WESTERN PHILOSOPHY - Nietzsche
1. Explain Nietzsche’s two kinds of morality.
2. Explain Nietzsche’s idea of the “Superman.”
Nietzsche believed that history exhibits two kinds of morality: Master Morality and Slave Morality.
Aristocrats. They feel they belong to a higher order of being than other people.
They describe themselves as “good.” They are of noble birth, have riches, are brave, truthful, and blond.
Other people are plebian, vulgar, cowardly, untruthful, and dark-skinned. These characteristics are “evil.”
All higher civilizations, according to Nietzsche, arose from the barbarians, who with their will and desire for power, have preyed upon the weaker, moral and peaceful societies.
Master morality creates its own values and stands beyond good and evil; slave morality values kindness, humility, and sympathy. The master transcends the mediocrity of the common person.
This Nietzsche called “master morality.”
“Good” and “bad” are equivalent to “noble” and “despicable.”
These are the poor and the weak.
They resent the power of the aristocrats.
They set up their own contrasting system of values, a slave morality or “herd-morality.”
This morality puts a premium on character traits like humility, sympathy, and benevolence, which benefit the “underdogs” of life.
And “equality.” “Equality” is a term of hatred for Nietzsche.
Nietzsche calls this system a “transvaluation of values.” He attributes this to the Jews.
“Transvaluation” = change of value. The weak transfigured weakness into virtue and vital strength into sin.
The Slaves Won
The revolt of the slaves, begun by the Jews, has achieved victory.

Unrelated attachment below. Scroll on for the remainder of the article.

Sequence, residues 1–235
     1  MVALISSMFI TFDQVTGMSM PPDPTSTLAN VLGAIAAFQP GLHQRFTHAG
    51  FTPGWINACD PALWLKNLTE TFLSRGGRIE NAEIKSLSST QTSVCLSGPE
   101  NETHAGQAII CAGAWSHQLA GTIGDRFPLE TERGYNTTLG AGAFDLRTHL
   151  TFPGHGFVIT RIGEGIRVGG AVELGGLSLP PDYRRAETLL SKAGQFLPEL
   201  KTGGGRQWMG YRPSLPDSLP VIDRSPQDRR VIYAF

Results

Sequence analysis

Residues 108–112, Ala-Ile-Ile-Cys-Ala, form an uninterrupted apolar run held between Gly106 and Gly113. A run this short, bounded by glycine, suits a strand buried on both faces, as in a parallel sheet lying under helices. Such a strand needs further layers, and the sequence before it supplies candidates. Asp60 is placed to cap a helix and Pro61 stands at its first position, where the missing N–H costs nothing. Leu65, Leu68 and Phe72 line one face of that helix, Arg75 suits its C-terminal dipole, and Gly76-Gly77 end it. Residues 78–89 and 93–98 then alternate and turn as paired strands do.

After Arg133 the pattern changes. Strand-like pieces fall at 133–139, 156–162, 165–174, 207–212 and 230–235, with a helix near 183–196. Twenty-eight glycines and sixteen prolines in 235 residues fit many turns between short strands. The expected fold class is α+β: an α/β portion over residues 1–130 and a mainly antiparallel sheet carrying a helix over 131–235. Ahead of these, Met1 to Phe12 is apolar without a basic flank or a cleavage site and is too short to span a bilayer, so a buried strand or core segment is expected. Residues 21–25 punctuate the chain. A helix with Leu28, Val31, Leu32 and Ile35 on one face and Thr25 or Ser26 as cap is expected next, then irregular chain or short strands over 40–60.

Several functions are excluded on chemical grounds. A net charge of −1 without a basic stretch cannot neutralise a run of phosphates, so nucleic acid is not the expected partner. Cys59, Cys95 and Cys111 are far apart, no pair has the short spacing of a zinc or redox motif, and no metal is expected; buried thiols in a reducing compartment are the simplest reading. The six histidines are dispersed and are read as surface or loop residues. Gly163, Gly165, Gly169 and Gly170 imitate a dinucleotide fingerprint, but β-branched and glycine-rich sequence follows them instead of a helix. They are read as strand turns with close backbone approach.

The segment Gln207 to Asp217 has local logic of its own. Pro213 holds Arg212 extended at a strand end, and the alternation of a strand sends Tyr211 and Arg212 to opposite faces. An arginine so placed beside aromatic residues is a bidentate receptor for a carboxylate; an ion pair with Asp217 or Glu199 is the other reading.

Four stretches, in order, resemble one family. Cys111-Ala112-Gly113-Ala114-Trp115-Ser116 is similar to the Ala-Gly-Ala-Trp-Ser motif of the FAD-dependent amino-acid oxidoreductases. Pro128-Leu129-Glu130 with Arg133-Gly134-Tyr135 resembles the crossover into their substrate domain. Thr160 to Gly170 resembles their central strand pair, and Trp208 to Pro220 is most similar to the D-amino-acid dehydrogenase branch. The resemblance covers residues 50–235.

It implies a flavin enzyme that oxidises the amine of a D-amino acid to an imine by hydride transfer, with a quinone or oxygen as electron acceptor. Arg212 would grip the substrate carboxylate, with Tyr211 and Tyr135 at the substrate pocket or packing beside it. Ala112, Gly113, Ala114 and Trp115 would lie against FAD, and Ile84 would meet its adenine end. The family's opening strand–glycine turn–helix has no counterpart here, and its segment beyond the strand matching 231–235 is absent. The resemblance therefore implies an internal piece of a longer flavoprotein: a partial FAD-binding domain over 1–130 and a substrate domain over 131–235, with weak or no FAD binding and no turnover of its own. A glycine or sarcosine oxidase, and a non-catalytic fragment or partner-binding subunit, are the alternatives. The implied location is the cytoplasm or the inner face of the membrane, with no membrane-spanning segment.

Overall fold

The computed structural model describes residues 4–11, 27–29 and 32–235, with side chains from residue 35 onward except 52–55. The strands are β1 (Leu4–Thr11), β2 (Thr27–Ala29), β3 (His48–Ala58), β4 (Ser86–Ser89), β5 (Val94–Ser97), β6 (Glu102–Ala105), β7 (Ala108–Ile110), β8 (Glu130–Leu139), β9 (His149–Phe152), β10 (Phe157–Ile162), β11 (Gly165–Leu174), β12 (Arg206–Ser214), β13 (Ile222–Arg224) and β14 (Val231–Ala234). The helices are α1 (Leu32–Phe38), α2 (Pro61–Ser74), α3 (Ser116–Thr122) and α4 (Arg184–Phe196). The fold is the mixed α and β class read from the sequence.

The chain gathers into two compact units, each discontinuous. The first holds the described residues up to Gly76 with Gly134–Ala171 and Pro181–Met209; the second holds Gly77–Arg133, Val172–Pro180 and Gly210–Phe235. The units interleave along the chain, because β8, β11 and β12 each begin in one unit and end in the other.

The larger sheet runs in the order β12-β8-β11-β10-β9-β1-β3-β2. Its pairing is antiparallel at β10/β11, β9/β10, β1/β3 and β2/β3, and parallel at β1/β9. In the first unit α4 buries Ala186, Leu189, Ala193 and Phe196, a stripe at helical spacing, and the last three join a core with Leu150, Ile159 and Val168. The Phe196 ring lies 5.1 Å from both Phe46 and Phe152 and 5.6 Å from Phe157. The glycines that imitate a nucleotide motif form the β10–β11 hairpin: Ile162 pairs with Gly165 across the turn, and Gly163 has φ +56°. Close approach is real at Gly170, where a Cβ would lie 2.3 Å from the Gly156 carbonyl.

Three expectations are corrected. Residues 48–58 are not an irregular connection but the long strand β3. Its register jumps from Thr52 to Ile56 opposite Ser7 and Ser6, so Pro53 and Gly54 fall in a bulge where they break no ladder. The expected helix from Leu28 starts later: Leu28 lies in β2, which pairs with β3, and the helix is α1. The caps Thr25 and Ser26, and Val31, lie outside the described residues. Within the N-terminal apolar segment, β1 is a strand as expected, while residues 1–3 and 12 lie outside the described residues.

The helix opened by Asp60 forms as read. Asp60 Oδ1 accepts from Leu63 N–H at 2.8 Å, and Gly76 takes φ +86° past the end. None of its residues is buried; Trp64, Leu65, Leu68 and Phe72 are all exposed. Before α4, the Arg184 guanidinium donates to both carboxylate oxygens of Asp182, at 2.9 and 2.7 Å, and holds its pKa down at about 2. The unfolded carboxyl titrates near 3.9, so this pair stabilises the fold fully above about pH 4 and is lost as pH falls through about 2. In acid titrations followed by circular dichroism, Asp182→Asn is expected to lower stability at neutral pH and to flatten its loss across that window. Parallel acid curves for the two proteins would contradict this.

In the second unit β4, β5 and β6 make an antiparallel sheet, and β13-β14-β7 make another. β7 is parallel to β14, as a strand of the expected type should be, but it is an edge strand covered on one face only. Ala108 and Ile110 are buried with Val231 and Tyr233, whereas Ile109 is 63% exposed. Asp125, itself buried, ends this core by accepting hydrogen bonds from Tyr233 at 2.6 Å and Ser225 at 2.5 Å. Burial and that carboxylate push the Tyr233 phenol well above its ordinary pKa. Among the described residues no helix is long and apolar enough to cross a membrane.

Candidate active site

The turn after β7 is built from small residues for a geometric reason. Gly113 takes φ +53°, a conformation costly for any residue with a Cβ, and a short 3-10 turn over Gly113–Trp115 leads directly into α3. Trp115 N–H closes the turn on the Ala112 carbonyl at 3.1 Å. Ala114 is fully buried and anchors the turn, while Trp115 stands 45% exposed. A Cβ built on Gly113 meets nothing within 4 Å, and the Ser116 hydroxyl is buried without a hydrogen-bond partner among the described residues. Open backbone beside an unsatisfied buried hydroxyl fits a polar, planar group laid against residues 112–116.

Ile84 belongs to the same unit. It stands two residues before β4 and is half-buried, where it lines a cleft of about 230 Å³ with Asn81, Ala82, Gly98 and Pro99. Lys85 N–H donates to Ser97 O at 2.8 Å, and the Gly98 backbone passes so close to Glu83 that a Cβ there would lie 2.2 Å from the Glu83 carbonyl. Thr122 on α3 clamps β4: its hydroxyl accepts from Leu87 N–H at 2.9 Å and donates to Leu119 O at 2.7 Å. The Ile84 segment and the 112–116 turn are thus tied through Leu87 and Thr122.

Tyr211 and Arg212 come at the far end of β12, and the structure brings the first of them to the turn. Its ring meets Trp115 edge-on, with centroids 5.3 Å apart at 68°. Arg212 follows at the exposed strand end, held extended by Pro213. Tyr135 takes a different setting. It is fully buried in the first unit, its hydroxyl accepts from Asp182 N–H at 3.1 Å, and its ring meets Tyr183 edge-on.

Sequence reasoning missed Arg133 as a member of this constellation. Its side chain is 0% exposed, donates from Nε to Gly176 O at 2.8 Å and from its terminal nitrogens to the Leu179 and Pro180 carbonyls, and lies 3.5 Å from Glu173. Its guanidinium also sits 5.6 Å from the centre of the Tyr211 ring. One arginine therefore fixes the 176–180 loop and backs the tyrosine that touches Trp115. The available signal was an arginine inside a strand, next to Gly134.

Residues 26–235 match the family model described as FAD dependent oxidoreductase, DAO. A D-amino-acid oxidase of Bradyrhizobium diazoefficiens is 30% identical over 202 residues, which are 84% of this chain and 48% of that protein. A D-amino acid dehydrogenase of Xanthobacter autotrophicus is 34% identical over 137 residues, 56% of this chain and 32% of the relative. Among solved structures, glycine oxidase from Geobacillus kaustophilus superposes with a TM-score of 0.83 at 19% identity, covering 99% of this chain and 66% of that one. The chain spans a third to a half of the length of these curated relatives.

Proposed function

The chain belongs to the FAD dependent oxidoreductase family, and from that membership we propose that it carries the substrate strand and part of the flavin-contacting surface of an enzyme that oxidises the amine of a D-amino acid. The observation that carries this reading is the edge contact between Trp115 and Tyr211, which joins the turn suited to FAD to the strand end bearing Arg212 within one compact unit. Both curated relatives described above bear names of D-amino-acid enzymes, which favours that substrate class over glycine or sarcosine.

“Jewish hatred has triumphed under the mask of the Christian gospel of love.” (330)
Slave morality says there is an opposition between good and evil.
Aristocrats despised the herd as bad.
But the slaves, with greater venom, condemned the aristocrats as not just bad but evil.
Nietzsche believed that “we must fight against the domination of the slave morality: the way forward is to transcend the bounds of good and evil, and introduce a second transvaluation of values. If we can do that there will rise, as a synthesis to the thesis and antithesis of master and slave, the Superman.” (331)
A healthy society does not exist for its own sake, but exists for the sake of a higher type of person.
Nietzsche calls this the Ubermensch – the “higher man.” The Over-man, or Super-man.
An overman (as described by Zarathustra, the main character in Thus Spoke Zarathustra) is the one who is willing to risk all for the sake of enhancement of humanity.
This means that our will to live must not be one which favors the weak. It must be “a will to power.”
“The will to power is the secret of all life; every living thing seeks to discharge its force, to give full scope to its ability.” (331)
“Humanity is merely a stage on the way to Superman, who is the meaning of earth. But Superman will not be achieved by evolution, but by an exercise of will.” (331)